Christoph Willibald Gluck has a place in the history books for a few big hits and for the idea of reforming the ornate style of opera seria serious opera in the 18th century, replacing it with a more natural ideal of melody. This reputation has rested on a very few pieces, and both bibliographic control and recorded explorations of Gluck's music are perhaps more sparse than for any other major composer.
I have a personal criterion for judging sopranos in modern recordings of any role that Maria Callas excelled in: If you can beat Callas, you are gold. And despite her achievements in bel canto roles (most of which I find uninteresting, either dramatically or as music), I still think that Callas’s greatest gift to the world of opera, particularly opera in Italy, was to point out to the entire country and the world how much more there was in roles like Elvira in I Vespri Siciliani, Cheribini’s Medea, Iphigénie in this opera, and yes, even Lady Macbeth than had been previously thought.
Otmar Suitner was archetypical of the type of Central European conductor who comes up through the ranks (i.e., opera house, theater, or if an instrumentalist, house orchestra) and worked his way up to leadership by dint of musicality. Some move on to what is essentially international "stardom," such as the case with Karajan or Klemperer.
The packaging for this recording, though handsomely produced, gives a perplexing impression of the content of the CDs. The album's title (in French) is Philémon et Baucis, though there is no reference to that title in the extensive program notes, which focus exclusively on a work called Le Feste d'Apollo. In fact, Le Feste d'Apollo, premiered in 1769, consisted of a prologue and three unrelated short acts, each a self-contained opera, with texts by four different Italian poets. This CD set includes two of those operas, Aristeo and Bauci e Filemone, the third opera being an early version of Orfeo ed Eurydice written in 1762, 12 years before the definitive French version of Gluck's masterpiece.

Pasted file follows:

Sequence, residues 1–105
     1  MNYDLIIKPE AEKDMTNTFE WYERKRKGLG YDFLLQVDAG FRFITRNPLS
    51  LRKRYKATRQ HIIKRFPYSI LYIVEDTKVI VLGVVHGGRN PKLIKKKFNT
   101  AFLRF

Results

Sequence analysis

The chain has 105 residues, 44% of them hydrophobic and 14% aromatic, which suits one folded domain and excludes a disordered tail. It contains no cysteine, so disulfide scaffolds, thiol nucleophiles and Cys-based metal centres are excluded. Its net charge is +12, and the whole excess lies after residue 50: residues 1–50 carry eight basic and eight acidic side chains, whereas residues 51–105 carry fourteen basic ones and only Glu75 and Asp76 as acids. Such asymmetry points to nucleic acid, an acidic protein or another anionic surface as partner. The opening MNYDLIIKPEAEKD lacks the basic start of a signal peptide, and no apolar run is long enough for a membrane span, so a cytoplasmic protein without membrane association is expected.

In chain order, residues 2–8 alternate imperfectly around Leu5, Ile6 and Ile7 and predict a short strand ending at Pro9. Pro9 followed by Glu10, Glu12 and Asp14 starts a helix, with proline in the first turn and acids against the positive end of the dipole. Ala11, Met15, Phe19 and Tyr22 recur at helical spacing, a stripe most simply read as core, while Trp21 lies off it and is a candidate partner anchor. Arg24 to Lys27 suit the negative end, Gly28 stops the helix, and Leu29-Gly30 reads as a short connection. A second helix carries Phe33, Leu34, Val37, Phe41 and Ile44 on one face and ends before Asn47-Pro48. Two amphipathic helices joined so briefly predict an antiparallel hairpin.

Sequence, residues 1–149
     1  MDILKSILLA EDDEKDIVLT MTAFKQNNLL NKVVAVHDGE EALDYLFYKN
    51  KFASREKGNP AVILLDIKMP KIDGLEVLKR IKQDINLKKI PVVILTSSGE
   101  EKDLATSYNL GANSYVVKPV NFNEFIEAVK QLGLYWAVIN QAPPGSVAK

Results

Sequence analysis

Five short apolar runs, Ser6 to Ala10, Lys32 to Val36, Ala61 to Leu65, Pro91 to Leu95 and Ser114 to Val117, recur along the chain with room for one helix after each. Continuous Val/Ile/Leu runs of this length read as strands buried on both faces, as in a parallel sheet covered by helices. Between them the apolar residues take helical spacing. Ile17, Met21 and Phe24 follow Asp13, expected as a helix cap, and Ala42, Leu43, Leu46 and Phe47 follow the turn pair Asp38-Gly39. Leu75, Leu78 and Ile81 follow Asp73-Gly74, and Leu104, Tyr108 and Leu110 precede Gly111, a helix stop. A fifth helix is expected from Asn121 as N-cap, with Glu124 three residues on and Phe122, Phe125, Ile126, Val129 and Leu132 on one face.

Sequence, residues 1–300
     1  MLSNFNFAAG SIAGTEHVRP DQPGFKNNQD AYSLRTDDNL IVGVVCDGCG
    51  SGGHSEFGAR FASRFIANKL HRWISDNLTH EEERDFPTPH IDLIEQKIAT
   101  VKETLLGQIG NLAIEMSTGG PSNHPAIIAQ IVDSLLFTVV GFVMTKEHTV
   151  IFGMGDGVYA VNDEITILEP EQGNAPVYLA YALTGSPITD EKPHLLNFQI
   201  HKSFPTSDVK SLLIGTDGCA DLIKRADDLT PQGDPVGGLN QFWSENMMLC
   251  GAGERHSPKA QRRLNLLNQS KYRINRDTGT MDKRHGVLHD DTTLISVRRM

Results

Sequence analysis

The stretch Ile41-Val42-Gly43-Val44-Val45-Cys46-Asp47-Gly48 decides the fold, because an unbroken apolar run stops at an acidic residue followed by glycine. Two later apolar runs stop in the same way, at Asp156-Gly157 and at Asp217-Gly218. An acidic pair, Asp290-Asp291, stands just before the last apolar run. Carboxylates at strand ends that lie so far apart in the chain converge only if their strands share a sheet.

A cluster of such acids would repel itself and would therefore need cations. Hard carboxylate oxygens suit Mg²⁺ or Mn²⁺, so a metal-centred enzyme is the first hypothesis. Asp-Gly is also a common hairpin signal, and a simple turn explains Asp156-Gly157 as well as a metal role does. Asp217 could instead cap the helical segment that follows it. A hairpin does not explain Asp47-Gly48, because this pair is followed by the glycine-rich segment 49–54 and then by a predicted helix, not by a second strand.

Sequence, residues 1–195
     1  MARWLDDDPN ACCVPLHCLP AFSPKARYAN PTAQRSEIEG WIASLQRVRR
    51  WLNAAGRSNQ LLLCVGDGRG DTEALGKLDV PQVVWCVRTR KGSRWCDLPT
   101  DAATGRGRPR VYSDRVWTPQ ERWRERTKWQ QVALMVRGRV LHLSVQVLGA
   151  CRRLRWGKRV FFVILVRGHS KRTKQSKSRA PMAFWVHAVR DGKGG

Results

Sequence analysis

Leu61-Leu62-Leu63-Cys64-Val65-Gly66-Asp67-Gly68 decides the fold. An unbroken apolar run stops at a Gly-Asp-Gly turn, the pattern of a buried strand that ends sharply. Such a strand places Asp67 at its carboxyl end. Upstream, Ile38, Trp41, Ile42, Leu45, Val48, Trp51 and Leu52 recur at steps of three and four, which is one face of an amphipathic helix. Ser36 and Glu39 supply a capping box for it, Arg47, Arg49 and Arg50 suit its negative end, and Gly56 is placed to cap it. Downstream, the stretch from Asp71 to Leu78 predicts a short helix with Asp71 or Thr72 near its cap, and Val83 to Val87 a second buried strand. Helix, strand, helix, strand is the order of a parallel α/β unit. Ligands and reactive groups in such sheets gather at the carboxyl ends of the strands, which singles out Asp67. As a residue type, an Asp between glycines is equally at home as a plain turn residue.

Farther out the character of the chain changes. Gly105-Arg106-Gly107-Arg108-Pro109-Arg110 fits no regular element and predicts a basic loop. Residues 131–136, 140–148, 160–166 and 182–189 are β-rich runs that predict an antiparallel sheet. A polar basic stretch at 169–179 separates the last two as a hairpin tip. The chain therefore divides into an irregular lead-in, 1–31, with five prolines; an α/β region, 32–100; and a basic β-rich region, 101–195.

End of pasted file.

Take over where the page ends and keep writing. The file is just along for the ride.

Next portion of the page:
It may seem surprising that this is the first complete recording of Gluck's one-act opera (or, as he called it, serenata teatrale) La corona (The Crown) after more than 240 years. The work was never performed during Gluck's lifetime; written for the name day of Francis I, husband of Habsburg empress Maria Theresa, it was rendered irrelevant by the dedicatee's death in 1765. The listener will discover soon enough why no one has thought to revive the work since then.
Most opera fans are familiar with Gluck the reformist – the composer of Orphée et Eurydice who sought to balance drama and music in his works. But few know his early works which show him to be a master of the Baroque opera seria tradition he later rejected. L'innocenza giustificata, a festa teatrale written in 1755, is one of these works. Its structure – cobbled together from aria texts by Pietro Metastasio, but with new recitatives by Giacomo Durazzo – already shows a desire to create more dramatic continuity and interest than was commonly found in the Baroque period.
This is the masterwork, Gluck's last important opera, which convinced the teenage medical student Berlioz, when he first heard it in 1821, that he had to be a composer. He worshipped Gluck and took his side in the phoney "Gluck vs.Piccini War". He set himself the task of sitting in the Conservatoire library to copy out the entire score in order to absorb its lessons. Its directness and drama influenced his artistic style his whole life through, as evinced by key points in "Les Troyens".